NBL swimming championships: Maria Carrillo boys, girls win titles

Montana Pawek of Maria Carrillo competing in the boys' 50-yard freestyle during the 2015 North Bay League championships held Saturday at the Santa Rosa Junior College Quinn Swim Center. May 9, 2015. (Erik Castro / for The Press Democrat)

Montana Pawek of Maria Carrillo competing in the boys’ 50-yard freestyle during the 2015 North Bay League championships held Saturday at the Santa Rosa Junior College Quinn Swim Center. May 9, 2015. (Erik Castro / for The Press Democrat)



Saturday’s North Bay League swimming championships at SRJC’s packed Quinn Aquatics Center broke out into two groups — Maria Carrillo and everybody else.

The other seven NBL teams provided little resistance to the Pumas in the boys’ team competition, while Santa Rosa came in a relatively close second place behind Maria Carrillo in the girls’ team contest.

In the end, Maria Carrillo capped its undefeated NBL dual-meet regular season with league titles for both the boys and girls.

“I’m very happy with the day. All of our kids performed up to expectations — even better than that,” first-year Maria Carrillo coach Rick Niles said. “The kids have prom tonight (Saturday) but they really stayed focused to get this meet right; it’s a big deal.”

After eight individual swimming events, three team swimming relays and one diving event each for the boys and the girls, the final team standings told the story — all Pumas.

(See more photos from the NBL swimming championships)

The boys’ final team finish order was Maria Carrillo (445), Ukiah (310), Cardinal Newman (257), Montgomery (223), Windsor (221), Santa Rosa (184), Casa Grande (144) and Rancho Cotate (111).

The girls’ final team finish was Maria Carrillo (434.5), Santa Rosa (398), Ukiah (296), Montgomery (252.5), Casa Grande (230), Windsor (155), Cardinal Newman (130) and Rancho Cotate (107).

“It was the diving score that made the difference for our girls,” Niles said. “We won the boys because we have a lot of boys on the Neptunes” (swimming club team).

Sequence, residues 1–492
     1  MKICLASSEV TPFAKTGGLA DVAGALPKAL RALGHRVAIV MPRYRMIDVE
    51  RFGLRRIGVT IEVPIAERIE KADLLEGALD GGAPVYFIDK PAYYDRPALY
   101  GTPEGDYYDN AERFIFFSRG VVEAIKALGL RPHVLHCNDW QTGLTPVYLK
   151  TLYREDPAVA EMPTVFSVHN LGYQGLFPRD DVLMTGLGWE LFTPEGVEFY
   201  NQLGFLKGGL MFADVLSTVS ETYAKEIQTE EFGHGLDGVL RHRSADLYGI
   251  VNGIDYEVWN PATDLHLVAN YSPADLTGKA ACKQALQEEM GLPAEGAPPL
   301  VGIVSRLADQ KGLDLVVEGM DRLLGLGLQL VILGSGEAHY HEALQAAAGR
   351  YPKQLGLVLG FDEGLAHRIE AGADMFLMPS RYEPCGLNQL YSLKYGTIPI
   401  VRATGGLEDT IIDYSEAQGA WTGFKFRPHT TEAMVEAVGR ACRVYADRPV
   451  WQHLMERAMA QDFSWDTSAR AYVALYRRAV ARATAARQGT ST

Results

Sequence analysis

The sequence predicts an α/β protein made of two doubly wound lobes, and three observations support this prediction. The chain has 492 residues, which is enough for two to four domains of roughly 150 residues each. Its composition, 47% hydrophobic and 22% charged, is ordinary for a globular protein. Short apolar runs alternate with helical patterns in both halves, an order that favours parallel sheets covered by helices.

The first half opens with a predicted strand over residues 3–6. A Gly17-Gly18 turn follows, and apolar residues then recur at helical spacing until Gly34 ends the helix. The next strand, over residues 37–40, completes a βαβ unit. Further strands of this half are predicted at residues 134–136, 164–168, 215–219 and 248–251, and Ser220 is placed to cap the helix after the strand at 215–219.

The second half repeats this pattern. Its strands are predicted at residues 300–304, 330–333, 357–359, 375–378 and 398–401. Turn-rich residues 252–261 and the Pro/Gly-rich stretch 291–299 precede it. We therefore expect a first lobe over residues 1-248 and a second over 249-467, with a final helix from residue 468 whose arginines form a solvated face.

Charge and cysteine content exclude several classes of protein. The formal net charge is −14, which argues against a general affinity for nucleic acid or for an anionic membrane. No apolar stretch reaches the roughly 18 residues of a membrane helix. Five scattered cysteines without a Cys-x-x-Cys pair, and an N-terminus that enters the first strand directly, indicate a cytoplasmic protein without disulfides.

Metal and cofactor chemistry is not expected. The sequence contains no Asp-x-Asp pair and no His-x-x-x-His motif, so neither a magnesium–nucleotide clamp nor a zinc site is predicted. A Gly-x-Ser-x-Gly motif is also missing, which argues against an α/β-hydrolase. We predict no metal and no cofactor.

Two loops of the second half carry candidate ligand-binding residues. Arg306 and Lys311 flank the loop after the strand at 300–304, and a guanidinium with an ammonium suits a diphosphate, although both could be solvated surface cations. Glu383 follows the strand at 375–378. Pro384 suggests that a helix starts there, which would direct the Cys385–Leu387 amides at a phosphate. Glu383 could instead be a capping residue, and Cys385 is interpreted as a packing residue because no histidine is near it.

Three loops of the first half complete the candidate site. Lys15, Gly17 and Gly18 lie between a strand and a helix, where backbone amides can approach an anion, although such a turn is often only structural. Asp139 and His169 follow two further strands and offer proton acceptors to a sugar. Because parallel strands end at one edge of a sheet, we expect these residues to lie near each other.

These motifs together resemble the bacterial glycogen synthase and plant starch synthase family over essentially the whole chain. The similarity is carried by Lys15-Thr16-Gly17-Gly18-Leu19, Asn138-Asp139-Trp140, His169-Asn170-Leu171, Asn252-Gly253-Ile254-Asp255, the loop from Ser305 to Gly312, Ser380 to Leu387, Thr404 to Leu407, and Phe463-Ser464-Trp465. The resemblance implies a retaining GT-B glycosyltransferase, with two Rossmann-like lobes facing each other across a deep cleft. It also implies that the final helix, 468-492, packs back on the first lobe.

The Santa Rosa girls came in second despite not having any divers and fielding a very young squad with predominantly freshmen and sophomores.

“We are inexperienced, especially in the big meets,” Santa Rosa coach Ericka Richards said. “But we are going to be good for a long time. Our depth is only going to get better.”

Not coincidentally, Maria Carrillo has by far the most year-round swimmers — at least 15 who train with the prestigious Neptunes club led by coach Dan Greaves.

“You get the top of the food chain from the Neptune swimmers and we have more people in the water than other teams,” Niles said. “I inherited a machine.”

The two undisputed superstars at the event were Maria Carrillo junior Piper Brockley and her senior teammate, Stefan Keller.

Brockley won the 100-yard freestyle by setting an all-time NBL meet record with a time of 52.60 seconds (the previous record was 53.22, set in 2004). She also won the 200-yard individual medley with a time of 2 minutes, 4.10 seconds.

Both times automatically qualify her for the North Coast Section championships, which start Friday at Concord’s Cowell Community Pool.

“The IM is a sprint and I love to race. It’s also fun to swim all four strokes,” Brockley said. “I’m hoping to peak next weekend at the NCS.”

“Piper should be up near the top at the NCS finals,” Cardinal Newman coach Christina Messer said.

The NCS seeding meeting Monday morning will determine which 40 swimmers quality for each event and which relay teams qualify. After the NCS championships comes the state tournament in Clovis, May 22-23.

Keller set an NBL meet record in the boys ‘100 breaststroke with a time of 59.64 (previous record 59.81, set in 2014). He also won the 200 IM with a time of 1:55.68 and automatically qualifies for that event at NCS.

Henry Steiner of Casa Grande set the NBL meet record for the boys’ 100-yard butterfly with a time of 51.94 (51.95 in 1988).

Keller beat Steiner in head-to-head competition in the 200-yard IM by a stroke, avenging his only loss of the year, to Steiner in the Maria Carrillo-Casa Grande dual meet.

“I made up some ground on the breaststroke,” Keller said. “I’m not a great first-half swimmer and I knew Steiner was going to be really fast at the start on the butterfly. It helps me go faster racing against him.”